Photo Essay: The Image of a Child

Over the last few weeks I have been studying the medium of photography, a topic I have never really explored or studied before. I read not only about the historical signifance of photography from Alan Trachtenberg’s Classic Essays on Photography as well articles from the likes of Annette Kuhn, Victor Burgin and Susan Sontag, but I have questioned my own authority when it comes to taking photographs. To perhaps show off what I have learned in a very short time, I have completed a full-length photo essay by tapping into my own childhood and analyzing one photo based off of photography and semiotic theories. This is part memoir, part academic, but an interesting read none the less that relies on just one photograph. Click the link (that will direct you to ISSU) below:


The Image of a Child by Christina Maxwell


About Christina Maxwell

I’m a young professional journalist with a dual B.A. degree in Radio-TV-Film and Journalism and I am currently working on my M.A. in Writing, specializing in Journalism and New Media Studies (both at Rowan University). Although my advanced degree allows me to have options in the future, for now, my main goal is finding a job in journalism. I am a journalist at heart. First hand knowledge, original reporting and precisive answers are what I strive for when I'm working. For the past two years, I have done freelance reporting with the Gloucester Township Patch, but my goal is to have a sustainable, consistent job in journalism.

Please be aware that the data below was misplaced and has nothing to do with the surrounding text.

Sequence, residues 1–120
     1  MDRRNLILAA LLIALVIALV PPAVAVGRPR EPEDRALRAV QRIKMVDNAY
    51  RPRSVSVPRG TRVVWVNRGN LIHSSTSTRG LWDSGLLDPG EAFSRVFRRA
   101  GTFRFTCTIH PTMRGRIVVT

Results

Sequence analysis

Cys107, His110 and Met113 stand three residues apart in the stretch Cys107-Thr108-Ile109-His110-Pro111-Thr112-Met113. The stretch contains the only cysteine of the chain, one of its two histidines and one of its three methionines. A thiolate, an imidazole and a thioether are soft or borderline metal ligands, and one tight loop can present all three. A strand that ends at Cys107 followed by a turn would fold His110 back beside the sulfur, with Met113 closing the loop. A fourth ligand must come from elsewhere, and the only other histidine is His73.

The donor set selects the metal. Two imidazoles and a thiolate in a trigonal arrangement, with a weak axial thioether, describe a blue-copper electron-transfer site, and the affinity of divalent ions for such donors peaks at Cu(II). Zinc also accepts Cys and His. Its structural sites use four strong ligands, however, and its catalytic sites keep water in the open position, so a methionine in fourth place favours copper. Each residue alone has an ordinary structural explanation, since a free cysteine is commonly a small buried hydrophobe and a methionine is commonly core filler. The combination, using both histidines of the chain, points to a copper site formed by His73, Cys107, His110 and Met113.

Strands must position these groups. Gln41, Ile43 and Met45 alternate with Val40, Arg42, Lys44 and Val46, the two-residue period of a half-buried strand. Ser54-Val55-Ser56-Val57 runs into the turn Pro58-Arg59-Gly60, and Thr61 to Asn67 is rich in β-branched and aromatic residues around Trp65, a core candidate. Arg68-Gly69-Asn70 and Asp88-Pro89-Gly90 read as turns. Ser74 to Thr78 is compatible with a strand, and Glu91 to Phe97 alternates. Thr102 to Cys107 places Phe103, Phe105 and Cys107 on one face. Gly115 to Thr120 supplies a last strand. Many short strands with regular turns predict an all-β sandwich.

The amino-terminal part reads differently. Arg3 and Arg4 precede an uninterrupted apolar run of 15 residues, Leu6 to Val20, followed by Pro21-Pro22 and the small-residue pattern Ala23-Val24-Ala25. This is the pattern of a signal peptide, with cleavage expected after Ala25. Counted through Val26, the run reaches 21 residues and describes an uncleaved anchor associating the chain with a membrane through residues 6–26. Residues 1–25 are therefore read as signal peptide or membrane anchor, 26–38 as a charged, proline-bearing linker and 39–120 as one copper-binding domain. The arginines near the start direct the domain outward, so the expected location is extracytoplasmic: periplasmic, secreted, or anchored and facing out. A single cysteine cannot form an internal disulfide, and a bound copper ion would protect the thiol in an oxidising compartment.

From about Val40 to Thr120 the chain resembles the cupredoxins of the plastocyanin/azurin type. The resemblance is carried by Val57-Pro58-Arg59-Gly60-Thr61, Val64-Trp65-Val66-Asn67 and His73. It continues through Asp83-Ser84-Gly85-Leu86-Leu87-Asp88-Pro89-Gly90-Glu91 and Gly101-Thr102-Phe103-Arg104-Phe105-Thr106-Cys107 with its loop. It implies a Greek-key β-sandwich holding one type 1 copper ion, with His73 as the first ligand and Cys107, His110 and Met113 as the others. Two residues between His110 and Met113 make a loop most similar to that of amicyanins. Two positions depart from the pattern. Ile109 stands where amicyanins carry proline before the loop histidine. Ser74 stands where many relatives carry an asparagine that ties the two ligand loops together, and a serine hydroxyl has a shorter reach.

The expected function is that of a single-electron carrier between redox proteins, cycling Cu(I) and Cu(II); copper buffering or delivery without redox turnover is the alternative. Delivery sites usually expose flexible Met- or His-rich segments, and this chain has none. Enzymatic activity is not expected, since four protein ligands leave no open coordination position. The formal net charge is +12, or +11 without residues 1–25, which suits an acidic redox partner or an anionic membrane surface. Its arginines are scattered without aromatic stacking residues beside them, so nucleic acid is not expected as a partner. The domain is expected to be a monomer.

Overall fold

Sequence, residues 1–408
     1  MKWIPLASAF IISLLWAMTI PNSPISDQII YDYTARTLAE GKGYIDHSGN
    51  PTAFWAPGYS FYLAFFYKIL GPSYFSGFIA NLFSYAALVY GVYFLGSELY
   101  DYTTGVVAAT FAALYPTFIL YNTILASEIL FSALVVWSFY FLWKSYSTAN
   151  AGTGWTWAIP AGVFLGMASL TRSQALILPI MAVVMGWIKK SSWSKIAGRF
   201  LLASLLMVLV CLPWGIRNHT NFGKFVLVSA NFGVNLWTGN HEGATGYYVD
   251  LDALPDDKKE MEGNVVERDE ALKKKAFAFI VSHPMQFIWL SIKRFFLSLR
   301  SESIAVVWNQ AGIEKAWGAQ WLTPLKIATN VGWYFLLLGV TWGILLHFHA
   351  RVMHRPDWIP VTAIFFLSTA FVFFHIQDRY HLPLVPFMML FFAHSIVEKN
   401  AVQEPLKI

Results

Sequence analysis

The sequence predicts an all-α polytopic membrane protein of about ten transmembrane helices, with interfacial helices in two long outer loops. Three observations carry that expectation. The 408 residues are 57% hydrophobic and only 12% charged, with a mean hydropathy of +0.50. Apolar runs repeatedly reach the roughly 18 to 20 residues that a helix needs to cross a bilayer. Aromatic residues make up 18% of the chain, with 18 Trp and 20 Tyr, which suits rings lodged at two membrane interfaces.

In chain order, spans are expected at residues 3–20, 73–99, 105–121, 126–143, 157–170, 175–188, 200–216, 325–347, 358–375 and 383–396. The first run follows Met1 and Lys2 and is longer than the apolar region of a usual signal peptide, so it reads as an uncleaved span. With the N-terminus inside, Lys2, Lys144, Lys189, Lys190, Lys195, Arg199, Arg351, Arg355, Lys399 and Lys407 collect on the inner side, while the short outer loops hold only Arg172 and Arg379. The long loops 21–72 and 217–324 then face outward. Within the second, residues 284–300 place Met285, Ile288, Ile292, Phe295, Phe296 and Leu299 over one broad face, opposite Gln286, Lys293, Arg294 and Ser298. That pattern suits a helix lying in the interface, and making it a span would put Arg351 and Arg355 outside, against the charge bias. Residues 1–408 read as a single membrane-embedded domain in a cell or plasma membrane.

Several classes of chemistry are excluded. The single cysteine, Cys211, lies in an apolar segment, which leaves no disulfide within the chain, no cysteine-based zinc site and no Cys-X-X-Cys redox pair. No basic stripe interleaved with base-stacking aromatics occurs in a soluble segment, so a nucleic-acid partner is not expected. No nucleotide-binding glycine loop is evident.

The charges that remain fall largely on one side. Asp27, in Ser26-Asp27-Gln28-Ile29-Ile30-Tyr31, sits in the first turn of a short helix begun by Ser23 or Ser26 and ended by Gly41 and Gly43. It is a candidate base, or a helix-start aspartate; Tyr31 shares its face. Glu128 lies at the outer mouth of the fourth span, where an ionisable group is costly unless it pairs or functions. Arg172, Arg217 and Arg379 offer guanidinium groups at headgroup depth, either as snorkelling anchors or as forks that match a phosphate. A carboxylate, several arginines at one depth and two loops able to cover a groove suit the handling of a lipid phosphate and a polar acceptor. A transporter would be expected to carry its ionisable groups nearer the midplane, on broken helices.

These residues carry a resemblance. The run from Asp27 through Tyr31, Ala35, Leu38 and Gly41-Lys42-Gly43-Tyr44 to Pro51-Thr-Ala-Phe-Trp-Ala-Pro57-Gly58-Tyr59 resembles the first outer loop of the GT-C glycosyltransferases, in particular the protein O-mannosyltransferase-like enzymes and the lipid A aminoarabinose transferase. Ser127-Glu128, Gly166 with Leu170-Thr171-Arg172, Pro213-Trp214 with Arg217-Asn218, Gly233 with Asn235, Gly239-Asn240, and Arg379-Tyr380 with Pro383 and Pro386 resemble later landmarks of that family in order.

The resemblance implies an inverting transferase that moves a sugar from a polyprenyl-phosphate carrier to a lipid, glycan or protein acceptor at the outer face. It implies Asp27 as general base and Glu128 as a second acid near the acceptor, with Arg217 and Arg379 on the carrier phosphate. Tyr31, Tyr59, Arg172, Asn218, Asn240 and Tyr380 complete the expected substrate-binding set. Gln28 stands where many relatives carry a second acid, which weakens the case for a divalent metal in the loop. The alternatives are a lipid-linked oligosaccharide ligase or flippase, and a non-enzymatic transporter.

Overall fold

1. If photos are indeed “prompts for recollection”, there is something truly stressful about picking up a photo such as yours. Does it not, after all, ask a lot more questions than it answers? The fact that the photos have different dates on the back of them is a bit stressful in itself: instead of establishing a stable, concrete history of your early childhood, this photo creates uncertainty.

    But still, we love looking at such photos of ourselves. Perhaps the “prompts” we are given are sometimes just that: open ended devices that give us free range to interpret and fill in memories as we’d like them.

  2. And, not to mention, recreate these memories, perhaps filling our head with experiences that never happened, or happened to somebody else. That’s the scary thing about digging into the past, without a true recollection, we could be telling ourselves lies.

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